'The Hot L Baltimore' at RCC
Rogue Community College's Riverside Theatre Program will stage Lanford Wilson's Obie Award-winning play, "The Hot L Baltimore," at RCC's Warehouse on Bartlett street in Medford, in what could be the last show to be produced there.
The aging building over the years has served as home to a revolving number of classes and events, including plays.
But according to theater teachers John Cole and Ron Danko who have put plays on there for the past six years, the space no longer can sustain such an intense level of use anymore.
It's only appropriate that in this very funny play, set in troubled times, there's a bulldozer knocking at the hotel door as well.
The show will open at 8 p.m. Friday, May 1, and run at 8 p.m. Fridays and Saturdays through May 16; 2 p.m. Sundays, May 3 and 17; and 7 p.m. Sunday, May 10.
The story unfolds on Memorial Day 1974 in the seedy lobby of the aging Hotel Baltimore on the eve of its demolition. The word "Hotel" in the marquee is missing the letter "e," hence the title "The Hot L Baltimore."
The play celebrates the wayward street hustlers, prostitutes and poverty-stricken seniors who exist on the frayed edges of the American Dream in an hilarious plea for a kinder, gentler world. The New York Times called it "a warm, intelligent, and wonderful evening in the Theatre "¦ an unbeatable winner."
"The Hot L Baltimore" first opened off-Broadway to a record 1,166 performances before moving to Broadway, where it played for over three years. Wilson's play won the New York Drama Critics Circle Award for the Best American Play of 1972—73. It also won an Obie Award for best off-Broadway play, an Outer Critics Award and the John Gassner Playwriting award. The play was sold to ABC and adapted as a situation comedy.
Wilson's "Talley's Folly" (1979) won the Pulitzer Prize for Drama and the New York Drama Critics' Circle Award.
With "The Hot L Baltimore," Wilson sought to craft a work that would give voice to his mourning for the increasing disappearance of the nation's railroads, architecture and cultural heritage. It's a taste of music on vinyl in a digital world.
Cole and Danko direct a cast of 15. The two chose the play partly because of the size of the cast.
"This cast is uniquely suited for this play," Danko said. "It's probably the best-cast show that we've done in the six years. Considering the people who came out for auditions, we really couldn't have done any other play — once again, it feels like it was meant to be. We've got five actors we've worked with in the past. This is the oldest cast we've had at The Warehouse."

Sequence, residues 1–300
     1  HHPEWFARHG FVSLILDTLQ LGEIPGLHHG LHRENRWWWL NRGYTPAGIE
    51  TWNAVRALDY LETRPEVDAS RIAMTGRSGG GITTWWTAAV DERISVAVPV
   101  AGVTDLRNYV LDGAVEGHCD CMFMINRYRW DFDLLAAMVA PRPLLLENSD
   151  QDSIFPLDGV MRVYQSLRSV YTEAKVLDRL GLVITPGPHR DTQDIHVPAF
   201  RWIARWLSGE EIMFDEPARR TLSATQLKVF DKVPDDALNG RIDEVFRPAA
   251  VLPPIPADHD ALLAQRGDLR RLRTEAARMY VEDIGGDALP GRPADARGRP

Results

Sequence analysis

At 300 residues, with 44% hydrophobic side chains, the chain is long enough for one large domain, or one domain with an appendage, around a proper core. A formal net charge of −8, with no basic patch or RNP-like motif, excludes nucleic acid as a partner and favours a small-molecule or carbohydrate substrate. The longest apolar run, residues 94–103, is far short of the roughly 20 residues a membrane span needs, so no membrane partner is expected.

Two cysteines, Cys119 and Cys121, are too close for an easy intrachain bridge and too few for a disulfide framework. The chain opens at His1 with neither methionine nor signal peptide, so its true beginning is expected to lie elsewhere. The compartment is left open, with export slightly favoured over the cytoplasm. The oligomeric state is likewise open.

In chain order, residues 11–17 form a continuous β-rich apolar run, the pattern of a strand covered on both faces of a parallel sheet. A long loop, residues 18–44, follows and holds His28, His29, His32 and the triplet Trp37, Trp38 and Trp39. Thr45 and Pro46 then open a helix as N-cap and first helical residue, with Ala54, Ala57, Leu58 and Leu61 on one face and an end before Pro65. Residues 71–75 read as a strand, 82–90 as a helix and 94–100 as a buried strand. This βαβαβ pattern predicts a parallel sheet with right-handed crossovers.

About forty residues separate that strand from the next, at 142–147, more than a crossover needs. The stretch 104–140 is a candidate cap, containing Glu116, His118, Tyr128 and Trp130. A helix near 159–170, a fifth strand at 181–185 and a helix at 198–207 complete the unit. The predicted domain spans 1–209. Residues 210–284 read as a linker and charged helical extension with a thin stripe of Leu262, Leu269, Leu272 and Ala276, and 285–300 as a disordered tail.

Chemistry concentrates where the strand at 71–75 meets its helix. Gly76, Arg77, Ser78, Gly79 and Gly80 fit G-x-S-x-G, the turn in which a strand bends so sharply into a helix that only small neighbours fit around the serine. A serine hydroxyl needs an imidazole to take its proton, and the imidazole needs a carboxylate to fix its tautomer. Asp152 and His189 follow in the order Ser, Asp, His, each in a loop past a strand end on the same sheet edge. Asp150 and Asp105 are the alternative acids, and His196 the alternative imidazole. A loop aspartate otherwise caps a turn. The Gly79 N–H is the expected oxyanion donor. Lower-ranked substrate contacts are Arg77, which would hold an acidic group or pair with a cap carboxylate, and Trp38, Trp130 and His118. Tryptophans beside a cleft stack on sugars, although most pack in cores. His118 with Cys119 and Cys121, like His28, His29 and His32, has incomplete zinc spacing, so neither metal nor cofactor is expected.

The cast members are Marcus Ueberall, Mig Windows, Jennifer Phillips, Julie Amador, Arden Prehn, Russ Mitchell, Zoe Wright, Nathan Steinberg, David Dials, Amber Schroeder, Robert Day, Arthur Ellis, Lulu Lion, William Quayle and Boyd Wiltsey.
Danko knew the show, having reviewed it in 1973 as a fellow critic in the O'Neill National Critics Institute in Waterford, Conn. "It's very timely," Danko said. "So many are soon to be or currently being dislocated just like the fine denizens of the Hotel."
As much as the two have enjoyed directing plays at the Warehouse, they admit to being tired. "The wrecking ball can't come soon enough," Cole said. "It's a lot to build and break down the theater every time we rehearse. It would be enough just to pull off the production. Even though many consider our space one of the best small houses in the valley, nobody gets how much work is required to produce, direct, design and teach acting in that very busy, over-shared, multi-use space."
Costume and make-up design is by Pamela Alford, production, stage management and lighting is by Matthew Scheytt. Heath Rackman is assistant stage manager and sound operator. Karl Brake and Thayne Abraham are the scenic artists. Assistant scenic artist and wardrobe designer is Shawn Fennel. Set construction is by Dan Evison. Nancy Grosjean is props mistress and is assisted by Richard Grosjean and Barbara Brown.
The play contains explicit language and adult situations and is not suitable for children.
Tickets are $9 for adults, $7 for students and $5 for RCC students. Reservations are recommended. For reservations, call 245-7637.